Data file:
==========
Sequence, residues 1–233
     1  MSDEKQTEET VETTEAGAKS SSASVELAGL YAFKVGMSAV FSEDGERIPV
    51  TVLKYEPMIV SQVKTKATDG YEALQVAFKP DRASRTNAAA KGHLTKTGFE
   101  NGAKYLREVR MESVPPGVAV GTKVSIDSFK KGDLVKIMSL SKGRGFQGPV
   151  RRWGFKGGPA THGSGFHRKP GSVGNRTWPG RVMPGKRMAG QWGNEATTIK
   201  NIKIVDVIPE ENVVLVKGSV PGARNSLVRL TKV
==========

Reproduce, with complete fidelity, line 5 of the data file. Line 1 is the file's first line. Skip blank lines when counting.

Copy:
   151  RRWGFKGGPA THGSGFHRKP GSVGNRTWPG RVMPGKRMAG QWGNEATTIK